With all this foraging on natural foods, backyard chickens become organic chickens and produce fresh
organic eggs that are healthier and taste better. Backyard chicken enthusiasts swear by the better taste of their fresh eggs and chickens. Egg yolks are firmer, more yellow, and have a much richer flavor. Backyard chickens owners claim it is hard to eat breakfast out anymore, after spoiling themselves with fresh organic eggs.
Pastured chickens (those raised naturally on grass and insects) have 1/3rd less Cholesterol and 1/4th less Saturated Fat than chickens raised in Factory Farms. Pastured chickens also have seven times the amount of Beta Carotene, two-thirds more Vitamins A, three times the Vitamin E, and two times the Omega 3s.
Gardening has surpassed all other hobbies to be the number one hobby in America and there are clear trends in how Americans do their gardening. The growth of backyard chickens is largely due to the growth of gardening. In fact, it is difficult to find a backyard chicken owner that does not garden also. There is a mutually beneficial relationship between chickens and gardens.
Gardeners are motivated by beauty, fresh food and healthy lifestyles. Chickens by nature peck and scratch, which is good for lawns and gardens. They eat harmful insects and fertilize as they go, adding nitrogen back into the soil. Gardeners collect chicken droppings like they were gold nuggets from chicken pens and coops to add to compost for their gardens. Many say there is no better fertilizer than this compost mixture.
Chickens and gardening are a part of people’s innate bond with living things, beauty, and nature called biophilia. Growing numbers of new gardeners are emerging and creating their healthy backyard oasis. All can be just and balanced the way God intended, within one’s small backyard farm. Chickens fit like peas in this pod.
Entertainment & Children
The real bonus to having a small flock of backyard chickens is the countless hours of wholesome backyard entertainment. Chickens have unique personalities and are good with children when raised as pets. They greet you when you come out to visit them and often follow you around the yard. Chickens can be trained, held, walked on a leash, and become very gentle with attention.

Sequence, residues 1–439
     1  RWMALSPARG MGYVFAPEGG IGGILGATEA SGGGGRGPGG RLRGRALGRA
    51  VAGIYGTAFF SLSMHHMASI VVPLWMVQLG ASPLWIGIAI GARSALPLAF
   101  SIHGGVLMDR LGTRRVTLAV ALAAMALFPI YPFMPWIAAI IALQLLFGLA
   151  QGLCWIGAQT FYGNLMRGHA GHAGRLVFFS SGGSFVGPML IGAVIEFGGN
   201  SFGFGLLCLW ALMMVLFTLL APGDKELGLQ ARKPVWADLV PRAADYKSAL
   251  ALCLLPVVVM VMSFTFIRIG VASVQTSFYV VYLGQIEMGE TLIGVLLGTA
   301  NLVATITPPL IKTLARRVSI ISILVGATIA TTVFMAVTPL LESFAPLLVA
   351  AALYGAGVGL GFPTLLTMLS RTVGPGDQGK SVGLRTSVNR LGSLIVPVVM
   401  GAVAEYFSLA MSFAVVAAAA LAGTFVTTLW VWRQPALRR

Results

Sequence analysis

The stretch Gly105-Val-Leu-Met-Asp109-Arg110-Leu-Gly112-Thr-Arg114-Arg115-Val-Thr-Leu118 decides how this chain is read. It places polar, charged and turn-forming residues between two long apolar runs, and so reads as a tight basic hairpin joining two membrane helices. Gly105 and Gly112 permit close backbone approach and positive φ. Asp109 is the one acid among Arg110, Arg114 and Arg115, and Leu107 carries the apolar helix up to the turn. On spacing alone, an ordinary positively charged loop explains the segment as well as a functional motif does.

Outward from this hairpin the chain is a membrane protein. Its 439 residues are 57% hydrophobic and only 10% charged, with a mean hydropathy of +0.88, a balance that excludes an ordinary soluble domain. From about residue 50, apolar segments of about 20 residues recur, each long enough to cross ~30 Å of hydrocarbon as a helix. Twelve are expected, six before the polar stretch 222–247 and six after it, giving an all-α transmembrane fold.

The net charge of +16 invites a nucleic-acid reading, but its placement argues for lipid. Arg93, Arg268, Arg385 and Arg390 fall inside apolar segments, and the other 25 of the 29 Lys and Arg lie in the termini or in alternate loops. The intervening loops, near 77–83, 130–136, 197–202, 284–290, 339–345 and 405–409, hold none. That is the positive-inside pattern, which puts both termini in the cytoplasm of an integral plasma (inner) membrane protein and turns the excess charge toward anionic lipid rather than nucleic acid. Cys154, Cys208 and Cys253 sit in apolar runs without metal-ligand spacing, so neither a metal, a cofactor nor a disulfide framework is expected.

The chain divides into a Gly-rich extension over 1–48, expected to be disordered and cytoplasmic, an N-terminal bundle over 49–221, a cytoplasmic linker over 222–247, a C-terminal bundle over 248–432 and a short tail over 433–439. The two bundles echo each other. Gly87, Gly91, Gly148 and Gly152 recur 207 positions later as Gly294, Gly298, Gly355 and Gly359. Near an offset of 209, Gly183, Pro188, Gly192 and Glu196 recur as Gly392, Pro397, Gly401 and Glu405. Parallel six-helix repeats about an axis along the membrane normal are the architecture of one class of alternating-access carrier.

Rob Paul, the Father of four small children in Flower Mound, TX explained what chickens have done for his family, “Chickens have become a key distraction and quickly became our favorite pets. They have taught our children patience, responsibility and where food comes from. Our children have learned simple pleasures that don’t emit from an iPod, iPad, iMac or iPhone”.
Many think of chickens as livestock, not pets. Families back on the farm usually did not make pets of chickens when their destiny was the stew pot. Chickens can be livestock or pets. It’s up the owner. Most pets are kept as layers and not destined to be table birds.
Chickens make excellent pets. People love their chickens just like they love other pets. Chickens also develop affection for people. Chickens, unlike most pets, actually work for a living. Chickens help with the lawn & garden, do the pest control, provide great entertainment, put themselves to bed at dusk, and provide a great healthy breakfast in the morning. No wonder so many backyards are being converted to mini-farms with backyard chickens.
Still, some will never understand ‘why’ others want backyard chickens. Backyard chickens aren’t for everyone, any more than gardening or having dogs and cats are. However, it’s everyone’s right to garden, keep dogs, or cats responsibly. Just as it should be everyone’s right to responsibly keep a few backyard hens.
This article is the copyrighted property of the writer.Written permission must be obtained before reprint in online or print media.